By CHRISTY ARMSTRONG
Leaders with Cleveland City Schools shared the school district’s latest set of goals with members of their Parent Advisory Council on Tuesday. Kelly Kiser, supervisor of federal projects and …
Leaders with Cleveland City Schools shared the school district’s latest set of goals with members of their Parent Advisory Council on Tuesday.
Kelly Kiser, supervisor of federal projects and staff development, gave parents their first look at the district’s Local Educational Agency, or LEA, plan for the 2018-19 year.
“One of the things we have to do every year is develop a plan for our district moving forward,” Kiser said. “From there, the individual schools will develop their own school improvement plans.”
The plan for 2018-19 lists goals in five different areas: “Literacy,” “Math,” “STEM” (Science, Technology, Engineering and Math), “Safe and Healthy Students” and “College and Career Readiness.”
Among the goals for Literacy is to maintain at least a score of 3 on the Tennessee Value-Added Assessment System (TVAAS) Literacy score. This score measures student growth in literacy on a scale of 1 to 5, with 5 being the best.
According to the Tennessee Department of Education’s 2016-17 Report Card, the school district as a whole has a Literacy score of 3 now.
The LEA plan’s strategies for Literacy include: improving Tier 1 reading instruction, implementing a new writing curriculum for grades K-12, adding additional resources on the district level and providing more professional development for teachers.
“Your schools will also have goals that are specific to them,” Kiser said.
Goals for Math include improving the district’s TVAAS score in Numeracy to 3. The state Report Card for the 2016-17 gives the district an overall score of 1.
Strategies to improve students’ academic growth in this area include adding additional resources on the district level and providing more professional development for teachers.
Goals for the area of STEM include improving students’ overall performance in STEM subjects and increasing students’ familiarity with technology.
Strategies in this area include implementing new science standards, making available a new online classroom management option for grades 5-12, expanding the district’s technology initiative and providing more professional development for teachers.
Goals for College and Career Readiness include improving students’ ACT exam scores and graduation rates.
Strategies for this include focusing on improving instruction in ACT-tested subjects, improving the high school credit recovery program, looking at improving early post-secondary (college) programs and looking at improving students’ opportunities to earn industry certifications.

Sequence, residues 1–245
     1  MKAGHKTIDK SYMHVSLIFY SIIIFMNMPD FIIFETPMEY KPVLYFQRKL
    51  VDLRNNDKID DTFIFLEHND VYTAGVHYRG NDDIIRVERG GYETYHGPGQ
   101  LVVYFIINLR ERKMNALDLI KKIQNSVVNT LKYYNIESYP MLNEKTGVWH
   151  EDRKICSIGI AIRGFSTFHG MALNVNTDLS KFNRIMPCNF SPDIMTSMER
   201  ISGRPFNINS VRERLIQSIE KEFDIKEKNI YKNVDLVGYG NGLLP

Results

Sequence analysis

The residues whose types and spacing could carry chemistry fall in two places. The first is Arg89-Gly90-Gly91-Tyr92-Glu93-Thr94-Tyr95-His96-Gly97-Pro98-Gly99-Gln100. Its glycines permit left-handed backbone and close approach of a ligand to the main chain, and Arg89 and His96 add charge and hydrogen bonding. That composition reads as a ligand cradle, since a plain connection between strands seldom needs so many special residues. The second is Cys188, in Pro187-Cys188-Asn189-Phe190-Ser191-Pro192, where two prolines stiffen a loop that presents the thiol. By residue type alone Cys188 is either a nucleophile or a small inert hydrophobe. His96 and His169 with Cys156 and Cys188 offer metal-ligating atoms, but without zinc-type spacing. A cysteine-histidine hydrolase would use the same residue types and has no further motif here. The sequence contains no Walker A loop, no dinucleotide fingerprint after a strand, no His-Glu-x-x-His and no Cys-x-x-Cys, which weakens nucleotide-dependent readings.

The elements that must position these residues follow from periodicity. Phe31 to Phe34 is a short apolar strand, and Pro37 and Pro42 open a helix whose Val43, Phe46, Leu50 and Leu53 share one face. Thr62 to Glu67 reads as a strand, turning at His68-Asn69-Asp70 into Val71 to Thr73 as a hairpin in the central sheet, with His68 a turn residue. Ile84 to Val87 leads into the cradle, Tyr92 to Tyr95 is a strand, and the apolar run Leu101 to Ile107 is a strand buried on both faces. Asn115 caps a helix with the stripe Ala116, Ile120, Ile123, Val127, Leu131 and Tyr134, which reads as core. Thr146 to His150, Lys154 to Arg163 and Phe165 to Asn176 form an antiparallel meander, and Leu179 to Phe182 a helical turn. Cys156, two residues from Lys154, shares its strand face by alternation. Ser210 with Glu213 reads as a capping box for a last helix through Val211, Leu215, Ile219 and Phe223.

Michael Kahrs, director of student management, then elaborated on the new academic standards for science being implemented this coming fall.
In 2016, the Tennessee Department of Education approved new standards for science, and educators have been making plans to implement them during the 2018-19 school year. These are the plans which dictate what teachers must include in their instruction.
Kahrs noted this is first time since 2007 that Tennessee’s public schools have implemented new science standards. He added teachers are “excited” to begin the process of looking at new instructional materials.
“This Friday, some of our teachers will meet with publishers and suppliers … to look at possible materials,” said Kahrs.
This will start a process which will eventually lead to parents being able to look at sample copies of the textbooks their children's schools are considering.
Director of Schools Dr. Russell Dyer then spoke to the group about recent events across the school district.
• The announcement that Cleveland High School is starting a new U.S. Air Force JROTC program this fall;
• The Cleveland Board of Education’s December 2017 decision to move high school credit recovery students from the F.I. Denning Center to CHS;
• Recent progress on the new elementary school now being built off Highway 60/Georgetown Road; and
• Laptop computers being distributed to students at Cleveland Middle School as part of the district’s ongoing technology initiative.
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